Almost one in 1,000 people have lupus, a systemic autoimmune disease (like rheumatoid arthritis) in which some of the body’s “attacker” immune cells – B-cells – have a hard time differentiating between healthy tissue and infectious agents, like germs. The result? Inflammation as these confused cells literally assault the body’s own good tissues. Symptoms can range from rashes, to joint pain, to dangerous organ damage. Compared to men, women are nine to 10 times more likely to suffer from the disease, which typically onsets in the childbearing years (age 20 to 40) with symptoms waxing and waning in what sufferers call “flares.”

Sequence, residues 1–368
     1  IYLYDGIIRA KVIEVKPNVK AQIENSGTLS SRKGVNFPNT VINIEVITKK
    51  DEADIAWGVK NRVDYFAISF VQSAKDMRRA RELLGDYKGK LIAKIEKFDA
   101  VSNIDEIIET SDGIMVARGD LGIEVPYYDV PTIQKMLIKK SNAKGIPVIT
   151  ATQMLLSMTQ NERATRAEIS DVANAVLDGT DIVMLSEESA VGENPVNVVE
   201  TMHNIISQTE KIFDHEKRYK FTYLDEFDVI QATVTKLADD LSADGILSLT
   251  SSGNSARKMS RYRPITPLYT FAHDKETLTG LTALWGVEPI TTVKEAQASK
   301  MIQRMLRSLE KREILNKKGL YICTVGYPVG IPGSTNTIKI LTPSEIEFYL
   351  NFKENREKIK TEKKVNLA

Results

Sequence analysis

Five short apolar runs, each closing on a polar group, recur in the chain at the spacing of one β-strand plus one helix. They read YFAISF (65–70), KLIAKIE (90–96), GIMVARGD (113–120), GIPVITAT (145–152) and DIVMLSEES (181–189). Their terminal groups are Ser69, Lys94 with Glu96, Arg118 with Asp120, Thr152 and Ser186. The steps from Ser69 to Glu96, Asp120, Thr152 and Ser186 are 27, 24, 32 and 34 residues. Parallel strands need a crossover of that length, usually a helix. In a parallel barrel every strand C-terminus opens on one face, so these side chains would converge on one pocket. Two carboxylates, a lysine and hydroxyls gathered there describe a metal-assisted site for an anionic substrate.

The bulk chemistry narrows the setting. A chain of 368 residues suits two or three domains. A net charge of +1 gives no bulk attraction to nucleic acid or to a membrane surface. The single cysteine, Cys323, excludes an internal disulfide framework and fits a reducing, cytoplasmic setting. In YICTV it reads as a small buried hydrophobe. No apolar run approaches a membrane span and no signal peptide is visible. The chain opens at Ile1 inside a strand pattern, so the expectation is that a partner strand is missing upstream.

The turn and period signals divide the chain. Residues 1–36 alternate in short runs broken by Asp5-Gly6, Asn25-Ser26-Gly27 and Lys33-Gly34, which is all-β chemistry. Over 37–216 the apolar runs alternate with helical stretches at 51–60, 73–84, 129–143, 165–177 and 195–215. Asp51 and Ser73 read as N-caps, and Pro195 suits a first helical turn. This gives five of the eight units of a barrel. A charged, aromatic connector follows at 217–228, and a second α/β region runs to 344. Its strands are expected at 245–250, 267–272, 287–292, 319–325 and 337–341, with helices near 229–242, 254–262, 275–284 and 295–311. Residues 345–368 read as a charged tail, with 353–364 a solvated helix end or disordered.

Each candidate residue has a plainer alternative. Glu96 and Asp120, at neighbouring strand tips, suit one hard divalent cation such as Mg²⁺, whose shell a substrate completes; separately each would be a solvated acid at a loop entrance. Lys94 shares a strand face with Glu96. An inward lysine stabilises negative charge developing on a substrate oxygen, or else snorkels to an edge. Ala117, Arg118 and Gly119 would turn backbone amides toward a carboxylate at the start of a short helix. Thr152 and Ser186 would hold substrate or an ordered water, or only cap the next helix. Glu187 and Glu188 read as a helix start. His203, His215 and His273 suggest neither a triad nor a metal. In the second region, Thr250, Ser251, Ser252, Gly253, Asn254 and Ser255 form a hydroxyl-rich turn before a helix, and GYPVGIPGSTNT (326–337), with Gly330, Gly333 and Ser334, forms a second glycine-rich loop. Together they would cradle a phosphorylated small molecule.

The new drug – administered by IV (patients would likely receive one infusion a month, each infusion lasting about an hour) – is a new type of “targeted” biologic therapy that homes in on a specific molecule thought to help faulty B-cells survive.
“Current medications suppress the immune system more broadly, and the side effects can be frustrating,” said one URMC lupus clinic patient, who has wrestled the disease almost 17 years. “Personally, I try to live with the pain as long as possible before seeking relief from current medicines, like steroids. Hearing that there might be an alternative therapy with a low incidence of side effects is very encouraging.”
While belimumab may only offer modest benefit (30 percent of placebo recipients reported disease improvement after one year, compared with 40 to 50 percent in the belimumab group), it’s still significant according to URMC expert rheumatologist and lupus scientist Dr. Jennifer Anolik.
You can hear more of Dr. Anolik’s insights in the clip below.